Gather your notes, and select the most vivid words to craft a statement that communicates the following:
- Who do you serve? (Target)
- What do you offer? (Contribution)
- Why choose your program? (Value)
Step Two: Communicate in words, pictures, and actions.
I’m not suggesting you run out and have a designer create an exclusive logo for your professional training program. I am suggesting that you intentionally choose every image, color, word, and action to be consistent with the promise of your training brand.
- What would an employee needing basic skills training want to see, hear, and experience?
- How will your training brand appeal to senior leaders wanting/needing coaching?
- Where will your participants go to find and register for training and what will they see when they get there?
- Is everyone involved with the training program acting consistently with our brand’s promise?
All your communications and actions, internal and external, regarding your training program must be consistent.
Here’s an example from our training brand at Intentional Growth Strategies:
A core component of our training brand is active learning and interaction. I’m not talking about moments like, “Raise your hand if…” peppered throughout a PowerPoint presentation. I’m talking about get out of your seat, put pen to paper, let’s try this now, kind of interaction. With this point of difference in mind, here are some of our brand components:
- How we talk about our training – “Learn . Do . Grow.”
- A snippet from my bio (I do most of the training.) – “Our founder’s experience in learning design and professional training underscores her passion for turning business school theory into practical tools that engage, inspire, and produce results.”
- Direction to our graphic designer: “Any photo of training in our materials must be from the perspective of the participant. If there’s a presenter or ‘lecturer’ at the front of the room with everyone watching him/her, I don’t want it.”
All our efforts in communicating the promise of interaction and engagement could be revealed to be paste and glass. Proof that our point of difference is a true gem comes in the form of our actions. Our in-person training is carefully designed to integrate practice. Our mobile and online courses use innovative tools to engage with our participants in ways that delight and inspire.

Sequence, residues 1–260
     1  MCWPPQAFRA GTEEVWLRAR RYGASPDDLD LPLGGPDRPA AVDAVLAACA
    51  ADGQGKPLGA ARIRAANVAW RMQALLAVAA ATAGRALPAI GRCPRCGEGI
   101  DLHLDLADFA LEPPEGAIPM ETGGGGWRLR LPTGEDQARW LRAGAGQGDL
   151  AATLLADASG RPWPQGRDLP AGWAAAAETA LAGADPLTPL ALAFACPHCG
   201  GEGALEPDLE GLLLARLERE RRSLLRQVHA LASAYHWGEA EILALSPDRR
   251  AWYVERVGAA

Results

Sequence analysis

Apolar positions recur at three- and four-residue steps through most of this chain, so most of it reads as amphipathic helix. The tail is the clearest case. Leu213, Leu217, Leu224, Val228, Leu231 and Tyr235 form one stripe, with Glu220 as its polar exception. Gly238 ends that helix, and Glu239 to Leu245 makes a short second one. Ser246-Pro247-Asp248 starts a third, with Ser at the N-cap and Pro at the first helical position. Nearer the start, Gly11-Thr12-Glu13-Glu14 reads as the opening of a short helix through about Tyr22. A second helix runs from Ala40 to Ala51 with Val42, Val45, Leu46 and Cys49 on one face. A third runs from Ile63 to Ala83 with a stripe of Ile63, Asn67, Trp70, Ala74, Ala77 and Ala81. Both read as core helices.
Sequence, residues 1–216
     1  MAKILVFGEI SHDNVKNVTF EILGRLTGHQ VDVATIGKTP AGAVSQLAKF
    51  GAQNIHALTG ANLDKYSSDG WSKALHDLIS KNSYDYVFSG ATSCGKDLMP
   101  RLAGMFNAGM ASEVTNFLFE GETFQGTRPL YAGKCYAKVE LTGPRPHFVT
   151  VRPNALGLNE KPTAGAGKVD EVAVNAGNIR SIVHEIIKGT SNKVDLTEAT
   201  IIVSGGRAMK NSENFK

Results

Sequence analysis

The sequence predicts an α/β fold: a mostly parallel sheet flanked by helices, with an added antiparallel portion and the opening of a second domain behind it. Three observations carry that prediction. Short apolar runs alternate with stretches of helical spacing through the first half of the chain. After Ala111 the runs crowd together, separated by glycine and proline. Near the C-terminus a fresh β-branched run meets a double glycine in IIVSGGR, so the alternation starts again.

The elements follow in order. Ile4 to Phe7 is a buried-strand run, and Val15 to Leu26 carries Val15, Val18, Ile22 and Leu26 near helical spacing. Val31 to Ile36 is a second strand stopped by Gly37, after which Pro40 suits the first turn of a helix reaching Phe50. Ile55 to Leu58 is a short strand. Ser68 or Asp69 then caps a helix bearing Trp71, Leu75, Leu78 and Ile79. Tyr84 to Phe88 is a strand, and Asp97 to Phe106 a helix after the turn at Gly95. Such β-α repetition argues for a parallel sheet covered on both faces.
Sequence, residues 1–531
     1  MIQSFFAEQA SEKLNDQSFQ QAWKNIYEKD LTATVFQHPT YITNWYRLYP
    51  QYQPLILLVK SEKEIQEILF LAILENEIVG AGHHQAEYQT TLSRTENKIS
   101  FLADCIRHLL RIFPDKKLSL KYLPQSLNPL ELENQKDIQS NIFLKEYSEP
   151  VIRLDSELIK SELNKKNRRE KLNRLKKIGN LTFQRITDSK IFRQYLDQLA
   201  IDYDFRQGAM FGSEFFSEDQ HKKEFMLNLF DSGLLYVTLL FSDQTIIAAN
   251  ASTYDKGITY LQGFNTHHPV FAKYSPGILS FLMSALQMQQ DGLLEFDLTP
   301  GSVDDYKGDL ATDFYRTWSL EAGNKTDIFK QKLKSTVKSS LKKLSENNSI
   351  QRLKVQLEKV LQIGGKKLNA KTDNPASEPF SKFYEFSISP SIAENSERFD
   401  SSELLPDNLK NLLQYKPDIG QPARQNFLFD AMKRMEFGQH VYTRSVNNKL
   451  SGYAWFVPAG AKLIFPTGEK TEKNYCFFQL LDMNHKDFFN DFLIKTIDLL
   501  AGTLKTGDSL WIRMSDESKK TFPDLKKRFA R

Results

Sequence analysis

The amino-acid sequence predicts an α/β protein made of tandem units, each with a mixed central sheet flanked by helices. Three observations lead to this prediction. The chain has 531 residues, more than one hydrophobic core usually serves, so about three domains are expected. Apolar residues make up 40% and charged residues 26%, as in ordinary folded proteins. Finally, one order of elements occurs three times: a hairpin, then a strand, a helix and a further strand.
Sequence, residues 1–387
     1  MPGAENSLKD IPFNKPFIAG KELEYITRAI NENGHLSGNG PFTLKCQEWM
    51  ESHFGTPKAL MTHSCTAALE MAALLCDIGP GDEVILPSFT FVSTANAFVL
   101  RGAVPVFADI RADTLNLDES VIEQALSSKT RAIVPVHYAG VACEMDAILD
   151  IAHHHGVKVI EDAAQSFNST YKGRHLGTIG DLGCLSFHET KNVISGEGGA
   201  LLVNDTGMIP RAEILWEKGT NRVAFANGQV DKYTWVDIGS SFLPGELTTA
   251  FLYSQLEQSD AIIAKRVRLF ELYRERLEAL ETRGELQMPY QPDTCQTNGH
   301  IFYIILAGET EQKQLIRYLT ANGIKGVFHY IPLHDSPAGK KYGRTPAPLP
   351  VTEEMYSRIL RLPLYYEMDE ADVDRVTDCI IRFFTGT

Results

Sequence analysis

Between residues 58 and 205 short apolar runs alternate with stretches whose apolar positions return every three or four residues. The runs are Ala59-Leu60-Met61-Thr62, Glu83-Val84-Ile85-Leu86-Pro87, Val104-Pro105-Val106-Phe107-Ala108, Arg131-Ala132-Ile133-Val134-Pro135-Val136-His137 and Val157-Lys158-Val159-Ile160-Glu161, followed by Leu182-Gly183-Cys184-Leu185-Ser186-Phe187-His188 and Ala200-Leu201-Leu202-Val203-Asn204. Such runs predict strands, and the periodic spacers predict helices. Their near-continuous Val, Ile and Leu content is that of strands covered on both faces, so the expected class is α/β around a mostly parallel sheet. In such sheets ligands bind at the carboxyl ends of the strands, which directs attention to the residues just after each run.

If they did not, we would be failing our promise – we would be failing our brand, and our participants would be the first to notice.
Step Three: Listen and respond to the perceptions of your participants
The only way you’ll know if the intention of your brand has become a reality is to ask. I’m not talking about the common survey at the end of a training session.
- Find out what your participants are saying on social media – in fact, consider forming an online focus group.
- Network with key stakeholders and gather insight about how your program is perceived in the industry.
- Perform intake and exit interviews with participants in longer term programming.
- Have lunch with a sample of your participants and ask them questions.
Keep your training brand fresh, relevant, and valuable to mine the benefits of an employee base poised to succeed.
How could branding your training programs help you realize greater results? Please share in the comments and we’ll learn together!
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UPDATE: New resources
This article about learning brand in Chief Learning Officer came across my feed today. I thought you’d find it useful.